Klein-Gordon Inner Product from Greiner's book doubt

I was working on free field theory from Greiner's book "Field Quantization" In chapter 4, he introduces these phase functions: $$u_{p}(\boldsymbol{x}, t)=N_{p} \mathrm{e}^{-\mathrm{i} p \cdot x}=\frac{1}{\sqrt{2 \omega_{p}(2 \pi)^{3}}} \mathrm{e}^{-\mathrm{i}\left(\omega_{p} t-p \cdot x\right)}$$ And define the Klein-Gordon inner product: $$(\phi, \chi)\equiv \mathrm{i} \int \mathrm{d}^{3} x\left[\phi^{*}(\boldsymbol{x}, t) \frac{\partial \chi(\boldsymbol{x}, t)}{\partial t}-\frac{\partial \phi^{*}(\boldsymbol{x}, t)}{\partial t} \chi(\boldsymbol{x}, t)\right]$$ And says that: $$\left(u_{p^{\prime}}, u_{p}^{*}\right)=\left(u_{p^{\prime}}^{*}, u_{p}\right)=0$$ But I could swear that that's not true in general but only when $$p=p'$$.

Since when the derivative operates on $$u_{p}^{*}$$, a factor $$i\omega_{p}$$ is brought down and when it operates on $$u_{p'}^{*}$$ the factor $$i\omega_{p'}$$ does. So on this way, finally I get (with more terms) the difference of these two frequencies: $$\omega_{p}-\omega_{p'}$$. That's my question, am I wrong? and in what?, I'm so sorry if the question is too trivial but I just can't let it go.

Thanks and greetings.

• Maybe you are not considering the $\delta$ coming from the integration? – pp.ch.te Jun 18 '19 at 10:31
• Yes, that is true, even with the two phases at the same sign, I forgot that $\omega_{k}$ depends on the square of k, so $\omega_{k}=\omega_{-k}$. Thanks – Amadeus Jun 18 '19 at 15:45

First of all upon checking the orthogonality of momentum eigenstates with a particular scalar product, $$(u_p', u_p)$$ is considered and not $$(u_p', u^{\ast}_p)$$.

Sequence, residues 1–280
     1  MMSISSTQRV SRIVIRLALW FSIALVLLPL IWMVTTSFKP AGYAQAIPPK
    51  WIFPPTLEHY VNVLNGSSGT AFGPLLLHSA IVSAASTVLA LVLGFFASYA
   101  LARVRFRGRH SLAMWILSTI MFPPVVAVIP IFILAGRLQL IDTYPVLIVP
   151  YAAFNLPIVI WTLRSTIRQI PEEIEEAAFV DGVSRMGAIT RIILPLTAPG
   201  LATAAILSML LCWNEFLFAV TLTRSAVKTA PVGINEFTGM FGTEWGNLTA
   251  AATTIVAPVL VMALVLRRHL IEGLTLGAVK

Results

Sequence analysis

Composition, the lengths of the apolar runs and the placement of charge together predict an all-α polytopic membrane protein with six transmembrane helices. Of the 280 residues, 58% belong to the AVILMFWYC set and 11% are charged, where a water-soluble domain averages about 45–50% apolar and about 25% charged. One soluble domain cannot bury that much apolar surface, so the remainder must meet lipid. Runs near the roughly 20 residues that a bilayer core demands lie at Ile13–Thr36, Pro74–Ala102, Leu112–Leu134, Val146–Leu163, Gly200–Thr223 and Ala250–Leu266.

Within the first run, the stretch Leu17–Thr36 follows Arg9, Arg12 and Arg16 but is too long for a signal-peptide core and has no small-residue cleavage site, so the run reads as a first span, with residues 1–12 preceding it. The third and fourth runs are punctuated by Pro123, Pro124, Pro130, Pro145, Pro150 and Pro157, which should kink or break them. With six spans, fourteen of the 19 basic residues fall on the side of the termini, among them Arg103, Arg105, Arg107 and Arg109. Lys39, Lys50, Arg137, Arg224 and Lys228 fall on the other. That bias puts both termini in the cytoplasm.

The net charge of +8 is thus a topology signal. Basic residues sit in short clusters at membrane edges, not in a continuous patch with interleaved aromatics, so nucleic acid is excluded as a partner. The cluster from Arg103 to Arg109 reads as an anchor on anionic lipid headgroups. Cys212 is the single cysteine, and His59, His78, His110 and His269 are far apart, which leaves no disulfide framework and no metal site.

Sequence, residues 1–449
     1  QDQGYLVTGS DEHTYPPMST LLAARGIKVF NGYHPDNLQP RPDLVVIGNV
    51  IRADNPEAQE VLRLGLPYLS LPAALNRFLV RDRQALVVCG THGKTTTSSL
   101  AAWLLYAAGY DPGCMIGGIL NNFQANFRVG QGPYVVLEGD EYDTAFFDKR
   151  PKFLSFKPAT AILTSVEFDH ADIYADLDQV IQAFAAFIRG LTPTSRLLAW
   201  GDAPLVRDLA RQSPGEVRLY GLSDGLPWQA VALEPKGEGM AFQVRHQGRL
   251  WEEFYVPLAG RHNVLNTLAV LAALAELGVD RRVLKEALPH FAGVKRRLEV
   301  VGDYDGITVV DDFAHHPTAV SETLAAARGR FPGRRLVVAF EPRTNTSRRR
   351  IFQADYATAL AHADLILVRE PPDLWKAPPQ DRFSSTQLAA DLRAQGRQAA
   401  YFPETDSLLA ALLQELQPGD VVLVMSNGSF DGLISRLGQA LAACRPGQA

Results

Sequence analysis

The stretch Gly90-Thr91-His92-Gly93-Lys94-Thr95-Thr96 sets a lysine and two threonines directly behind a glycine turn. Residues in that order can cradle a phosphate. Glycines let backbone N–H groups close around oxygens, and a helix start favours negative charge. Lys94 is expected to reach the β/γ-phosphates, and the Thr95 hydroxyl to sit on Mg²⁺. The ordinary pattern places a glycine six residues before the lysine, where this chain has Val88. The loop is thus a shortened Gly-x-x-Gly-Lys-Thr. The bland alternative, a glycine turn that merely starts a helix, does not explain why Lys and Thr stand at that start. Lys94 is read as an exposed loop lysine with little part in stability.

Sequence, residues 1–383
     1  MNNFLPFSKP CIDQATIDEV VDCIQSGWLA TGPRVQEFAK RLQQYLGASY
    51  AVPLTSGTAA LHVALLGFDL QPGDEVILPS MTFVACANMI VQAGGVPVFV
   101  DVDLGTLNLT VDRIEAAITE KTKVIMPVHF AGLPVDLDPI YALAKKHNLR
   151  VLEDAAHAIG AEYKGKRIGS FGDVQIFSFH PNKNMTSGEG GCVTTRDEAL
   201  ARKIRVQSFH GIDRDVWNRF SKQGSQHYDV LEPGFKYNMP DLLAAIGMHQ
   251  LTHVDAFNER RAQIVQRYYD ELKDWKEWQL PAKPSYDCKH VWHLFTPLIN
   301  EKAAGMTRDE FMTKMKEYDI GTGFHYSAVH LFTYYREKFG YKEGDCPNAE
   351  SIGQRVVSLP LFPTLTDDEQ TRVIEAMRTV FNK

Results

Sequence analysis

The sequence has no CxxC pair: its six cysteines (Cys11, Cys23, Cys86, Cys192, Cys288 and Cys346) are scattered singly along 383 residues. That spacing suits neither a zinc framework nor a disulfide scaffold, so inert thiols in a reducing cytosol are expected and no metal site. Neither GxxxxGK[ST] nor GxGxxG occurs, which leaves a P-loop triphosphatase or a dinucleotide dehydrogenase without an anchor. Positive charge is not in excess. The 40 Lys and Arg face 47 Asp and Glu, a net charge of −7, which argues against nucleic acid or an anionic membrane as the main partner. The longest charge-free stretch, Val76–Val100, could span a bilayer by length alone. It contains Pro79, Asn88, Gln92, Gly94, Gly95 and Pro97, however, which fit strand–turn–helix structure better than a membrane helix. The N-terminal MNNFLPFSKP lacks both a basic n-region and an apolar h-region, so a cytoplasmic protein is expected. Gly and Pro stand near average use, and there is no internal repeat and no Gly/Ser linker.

Second plugging $$u_p$$ and $$u_p'$$ in the Klein-Gordon inner product one gets (remember $$px = \omega_p t-\vec{p}\vec{r}$$)

$$(u_p', u_p) = N_{p'}N_{p}\int d^3 x \left[e^{ip'x}e^{-ipx} \omega_p + \omega_{p'} e^{ip'x} e^{-ipx}\right] = N_{p'}N_{p} (2\pi)^3 \left[\omega_p\delta^3(\vec{p}-\vec{p'})e^{i(\omega_{p'}-\omega_p)t} + \omega_{p'}e^{i(\omega_{p'}-\omega_p)t}\delta^3(\vec{p}-\vec{p'})\right]$$

since $$(2\pi)^3 \delta^3(\vec{q}) = \int d^3 e^{i\vec{q}\vec{r}}$$. Due to the properties of the delta-function it is clear that if $$p'\neq p$$ the expression is zero as it should be. In the end one obtains:

$$(u_p', u_p) = N^2_p (2\pi)^3 2\omega_p \delta^3(\vec{p}-\vec{p'}) \equiv \delta^3(\vec{p}-\vec{p'})$$

due to the chosen normalisation constant $$N_p = (\sqrt{(2\pi)^3 2\omega_p})^{-1}$$. The last equality is actually only true in case of an further integration over $$\vec{p'}$$. The latter is implicitly always assumed if a $$\delta$$-function appears that is not already integrated over.